5. ACTIONS DUE TO DEAD AND LIVE LOADING

6. POST-TENSIONING

6.1 Selection of Design Parameters

6.2 Selection of Post-tensioning Values

6.3 Selection of Number of Strands

6.4 Calculation of Balanced Loads

6.5 Determination of Actions due to Balanced(post-tensioning)Loading

7. CODE CHECK FOR SERVICEABILITY

7.1 Load Combinations

7.2 Stress Check

7.3 Crack Width Control

7.4 Minimum Reinforcement

7.5 Deflection Check

8. CODE CHECK FOR STRENGTH

8.1 Load Combinations

8.2 Determination of Hyperstatic Actions

8.3 Calculation of Design Moments

8.4 Strength Design for Bending and Ductility

8.5 One Way Shear Design

9. CODE CHECK FOR INITIAL CONDITION

9.1 Load Combinations

9.2 Stress Check

10. DETAILING

REFERENCES

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EXAMPLE

ROSTAM1 PARKING

Figure 1-1

The parking structure floor consists of a one-way slab supported on parallel beams as shown in Fig. 1-1.

1.1 Dimensions and Support Conditions:

• Geometry is as shown in Figure 1-1(a) and (b)

• Beam cross section as shown in Figure 1-1(c)

• Total tributary width = 17’ (5.18 m) typical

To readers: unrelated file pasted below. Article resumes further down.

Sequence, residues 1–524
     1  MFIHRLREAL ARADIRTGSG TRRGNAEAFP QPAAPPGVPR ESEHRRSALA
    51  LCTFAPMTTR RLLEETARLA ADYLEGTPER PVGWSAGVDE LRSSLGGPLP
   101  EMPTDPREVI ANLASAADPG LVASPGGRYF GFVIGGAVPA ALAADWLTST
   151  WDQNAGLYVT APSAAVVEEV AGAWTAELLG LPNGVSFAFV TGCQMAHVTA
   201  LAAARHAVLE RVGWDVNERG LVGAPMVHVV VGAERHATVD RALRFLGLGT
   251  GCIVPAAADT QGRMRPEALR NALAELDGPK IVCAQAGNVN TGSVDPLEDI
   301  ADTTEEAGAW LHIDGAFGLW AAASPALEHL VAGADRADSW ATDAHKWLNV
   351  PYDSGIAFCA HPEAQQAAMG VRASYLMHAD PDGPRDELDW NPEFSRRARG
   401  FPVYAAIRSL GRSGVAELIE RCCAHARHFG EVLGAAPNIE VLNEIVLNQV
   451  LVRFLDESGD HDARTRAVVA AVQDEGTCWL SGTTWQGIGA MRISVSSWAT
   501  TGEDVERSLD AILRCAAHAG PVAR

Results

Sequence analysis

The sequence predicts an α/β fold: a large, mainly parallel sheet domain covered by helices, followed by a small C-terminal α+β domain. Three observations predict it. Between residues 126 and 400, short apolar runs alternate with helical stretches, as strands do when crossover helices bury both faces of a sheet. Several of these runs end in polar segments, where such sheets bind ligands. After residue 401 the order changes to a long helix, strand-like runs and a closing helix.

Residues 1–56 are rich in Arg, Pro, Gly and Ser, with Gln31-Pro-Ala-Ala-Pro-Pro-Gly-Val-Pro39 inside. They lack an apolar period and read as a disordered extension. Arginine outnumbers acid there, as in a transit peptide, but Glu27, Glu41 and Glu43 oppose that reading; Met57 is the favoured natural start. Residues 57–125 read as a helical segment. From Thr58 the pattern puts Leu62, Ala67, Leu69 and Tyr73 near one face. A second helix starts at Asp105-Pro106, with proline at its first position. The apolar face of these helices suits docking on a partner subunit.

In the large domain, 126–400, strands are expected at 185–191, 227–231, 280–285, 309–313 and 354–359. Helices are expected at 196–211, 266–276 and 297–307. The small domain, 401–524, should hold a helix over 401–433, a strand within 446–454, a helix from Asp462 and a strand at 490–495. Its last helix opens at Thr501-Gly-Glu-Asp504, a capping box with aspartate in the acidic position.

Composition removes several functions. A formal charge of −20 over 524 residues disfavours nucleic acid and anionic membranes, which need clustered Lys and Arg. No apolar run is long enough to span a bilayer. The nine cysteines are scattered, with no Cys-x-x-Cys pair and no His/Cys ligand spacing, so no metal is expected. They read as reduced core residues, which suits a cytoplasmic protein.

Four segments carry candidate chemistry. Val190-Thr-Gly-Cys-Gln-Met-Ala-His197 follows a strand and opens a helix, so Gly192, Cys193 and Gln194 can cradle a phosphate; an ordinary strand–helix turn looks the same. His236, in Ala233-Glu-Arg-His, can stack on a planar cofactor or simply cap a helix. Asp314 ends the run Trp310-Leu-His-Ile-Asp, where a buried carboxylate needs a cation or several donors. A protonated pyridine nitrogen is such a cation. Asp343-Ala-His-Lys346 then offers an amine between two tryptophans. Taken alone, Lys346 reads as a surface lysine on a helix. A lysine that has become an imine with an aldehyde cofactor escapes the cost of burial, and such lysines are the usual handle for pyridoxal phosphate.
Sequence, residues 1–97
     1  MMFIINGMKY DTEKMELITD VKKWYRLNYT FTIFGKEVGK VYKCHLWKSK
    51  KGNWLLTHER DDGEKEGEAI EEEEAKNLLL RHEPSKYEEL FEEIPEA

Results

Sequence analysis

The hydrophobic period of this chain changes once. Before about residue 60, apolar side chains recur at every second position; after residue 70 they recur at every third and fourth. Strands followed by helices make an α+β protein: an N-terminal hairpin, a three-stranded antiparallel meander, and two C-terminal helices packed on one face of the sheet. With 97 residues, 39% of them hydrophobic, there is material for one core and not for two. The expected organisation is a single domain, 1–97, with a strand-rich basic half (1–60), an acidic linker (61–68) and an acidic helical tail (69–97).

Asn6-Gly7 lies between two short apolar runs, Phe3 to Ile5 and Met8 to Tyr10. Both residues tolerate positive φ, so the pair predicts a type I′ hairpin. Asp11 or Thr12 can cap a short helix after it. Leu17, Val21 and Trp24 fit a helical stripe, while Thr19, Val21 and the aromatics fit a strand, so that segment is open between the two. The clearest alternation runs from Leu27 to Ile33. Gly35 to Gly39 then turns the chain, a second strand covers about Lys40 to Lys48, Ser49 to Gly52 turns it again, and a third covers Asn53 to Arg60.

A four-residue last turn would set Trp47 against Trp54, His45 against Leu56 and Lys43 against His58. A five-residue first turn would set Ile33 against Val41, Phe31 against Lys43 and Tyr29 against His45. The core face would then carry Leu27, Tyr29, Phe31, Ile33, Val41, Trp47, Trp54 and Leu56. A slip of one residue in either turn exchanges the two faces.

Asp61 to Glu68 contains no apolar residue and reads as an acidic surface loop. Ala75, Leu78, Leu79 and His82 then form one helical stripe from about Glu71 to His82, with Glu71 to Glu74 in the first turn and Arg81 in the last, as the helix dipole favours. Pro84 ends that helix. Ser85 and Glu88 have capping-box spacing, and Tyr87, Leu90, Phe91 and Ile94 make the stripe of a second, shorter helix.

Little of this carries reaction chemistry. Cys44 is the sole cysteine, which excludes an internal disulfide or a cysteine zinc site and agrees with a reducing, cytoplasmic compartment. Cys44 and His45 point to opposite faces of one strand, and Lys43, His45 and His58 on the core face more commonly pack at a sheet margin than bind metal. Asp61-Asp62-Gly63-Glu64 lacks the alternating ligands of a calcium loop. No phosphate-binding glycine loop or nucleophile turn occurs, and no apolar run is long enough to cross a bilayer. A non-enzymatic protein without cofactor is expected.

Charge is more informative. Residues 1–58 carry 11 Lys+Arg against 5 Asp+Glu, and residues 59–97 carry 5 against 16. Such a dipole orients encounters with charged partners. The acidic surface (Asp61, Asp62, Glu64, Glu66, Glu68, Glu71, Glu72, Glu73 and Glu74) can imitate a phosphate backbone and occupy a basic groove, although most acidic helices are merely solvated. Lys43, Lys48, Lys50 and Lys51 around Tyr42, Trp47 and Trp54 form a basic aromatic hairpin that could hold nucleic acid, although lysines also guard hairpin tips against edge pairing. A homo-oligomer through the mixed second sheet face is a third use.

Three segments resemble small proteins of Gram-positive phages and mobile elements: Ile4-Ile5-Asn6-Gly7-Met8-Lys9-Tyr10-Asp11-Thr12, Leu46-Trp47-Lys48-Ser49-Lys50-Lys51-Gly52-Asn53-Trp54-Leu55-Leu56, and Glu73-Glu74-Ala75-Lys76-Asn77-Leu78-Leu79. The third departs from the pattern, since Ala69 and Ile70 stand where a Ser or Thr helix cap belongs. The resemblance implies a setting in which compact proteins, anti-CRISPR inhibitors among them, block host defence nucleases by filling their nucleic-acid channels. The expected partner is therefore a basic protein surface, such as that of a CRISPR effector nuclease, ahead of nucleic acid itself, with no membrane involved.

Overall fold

• Columns extend below the deck only; first and last columns are assumed hinged at the bottom

End columns are assumed hinged and detailed as hinged at the connection to the footing, in order to reduce

stresses and potential of cracking due to shrinkage and creep of concrete.

1

A good natured legendary strongman of Persian culture

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Tributary width = 17*12 = 204” (5182 mm)

(i) Sixteen times flange thickness plus stem width

= 16 * 5” + 18” = 98” (2489 mm)

(ii) One quarter of span

For span 1 = (64*12)/4 = 192” (4877 mm)

For span 2 = (55*12)/4 = 165”(4191 mm)

For span 3 = (17*12)/4 = 51” (1295 mm)

(iii) Tributary width

For all spans = 204” (5182 mm)

Spans 1 and 2 98” (2489 mm)

Span 3 51” (1295 mm)

ACI-318 code is mute on the effective width of prestressed flanged beams. For an interior nonprestressed flanged

beam under bending alone, it specifies the least of (i) eight times the flange thickness on each side of the stem, (ii)

one quarter of the span, or (iii) the beam’s tributary. For prestressed flanged beams the precompression spreads un-

iformly over the entire cross section. Hence the entire flange width will be fully effective. As a result, when design-

ing a prestressed flanged beam, two values of effective flange width must be used - one for bending effects and one

for axial loads [Aalami 1989, 1993]. The procedure is detailed in this design example.

The section properties for the axial effects are the same for all spans. For bending effects, however, due to

different effective widths, the section properties differ. The section properties calculated are listed in Table

1-1

TABLE 1-1 SECTION PROPERTIES

Spans 1 and 2 Span 3

Axial effects Bending effects Axial effects Bending effects

Area in2 (mm2) 1470 940 (6.065e+5) 1470 (9.484e+5) 705 (4.548e+5)

(9.484e+5)

I in.4 (mm4) ----- 77238 (3.215e+10) ----- 60591

(2.522e+10)

Yt in. (mm) 7.09 9.68 7.09 12.07